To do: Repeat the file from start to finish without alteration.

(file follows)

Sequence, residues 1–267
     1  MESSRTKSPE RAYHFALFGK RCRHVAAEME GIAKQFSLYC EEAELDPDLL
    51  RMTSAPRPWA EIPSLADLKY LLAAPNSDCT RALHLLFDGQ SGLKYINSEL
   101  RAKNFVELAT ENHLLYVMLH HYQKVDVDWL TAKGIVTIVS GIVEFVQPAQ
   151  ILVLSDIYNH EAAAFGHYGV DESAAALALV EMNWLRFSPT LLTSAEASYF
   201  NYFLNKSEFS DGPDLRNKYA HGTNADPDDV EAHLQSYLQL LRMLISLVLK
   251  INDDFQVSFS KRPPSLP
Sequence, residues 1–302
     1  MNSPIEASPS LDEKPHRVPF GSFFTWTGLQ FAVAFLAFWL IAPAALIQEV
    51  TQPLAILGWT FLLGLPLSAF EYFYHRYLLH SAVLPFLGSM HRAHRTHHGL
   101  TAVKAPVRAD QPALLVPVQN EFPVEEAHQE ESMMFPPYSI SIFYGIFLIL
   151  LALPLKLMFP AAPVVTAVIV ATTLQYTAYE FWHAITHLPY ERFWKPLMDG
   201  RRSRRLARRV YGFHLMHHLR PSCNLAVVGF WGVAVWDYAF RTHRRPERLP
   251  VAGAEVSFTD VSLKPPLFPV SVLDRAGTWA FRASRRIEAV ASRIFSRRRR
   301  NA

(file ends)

Sequence, residues 1–267
     1  MESSRTKSPE RAYHFALFGK RCRHVAAEME GIAKQFSLYC EEAELDPDLL
    51  RMTSAPRPWA EIPSLADLKY LLAAPNSDCT RALHLLFDGQ SGLKYINSEL
   101  RAKNFVELAT ENHLLYVMLH HYQKVDVDWL TAKGIVTIVS GIVEFVQPAQ
   151  ILVLSDIYNH EAAAFGHYGV DESAAALALV EMNWLRFSPT LLTSAEASYF
   201  NYFLNKSEFS DGPDLRNKYA HGTNADPDDV EAHLQSYLQL LRMLISLVLK
   251  INDDFQVSFS KRPPSLP
Sequence, residues 1–302
     1  MNSPIEASPS LDEKPHRVPF GSFFTWTGLQ FAVAFLAFWL IAPAALIQEV
    51  TQPLAILGWT FLLGLPLSAF EYFYHRYLLH SAVLPFLGSM HRAHRTHHGL
   101  TAVKAPVRAD QPALLVPVQN EFPVEEAHQE ESMMFPPYSI SIFYGIFLIL
   151  LALPLKLMFP AAPVVTAVIV ATTLQYTAYE FWHAITHLPY ERFWKPLMDG
   201  RRSRRLARRV YGFHLMHHLR PSCNLAVVGF WGVAVWDYAF RTHRRPERLP
   251  VAGAEVSFTD VSLKPPLFPV SVLDRAGTWA FRASRRIEAV ASRIFSRRRR
   301  NA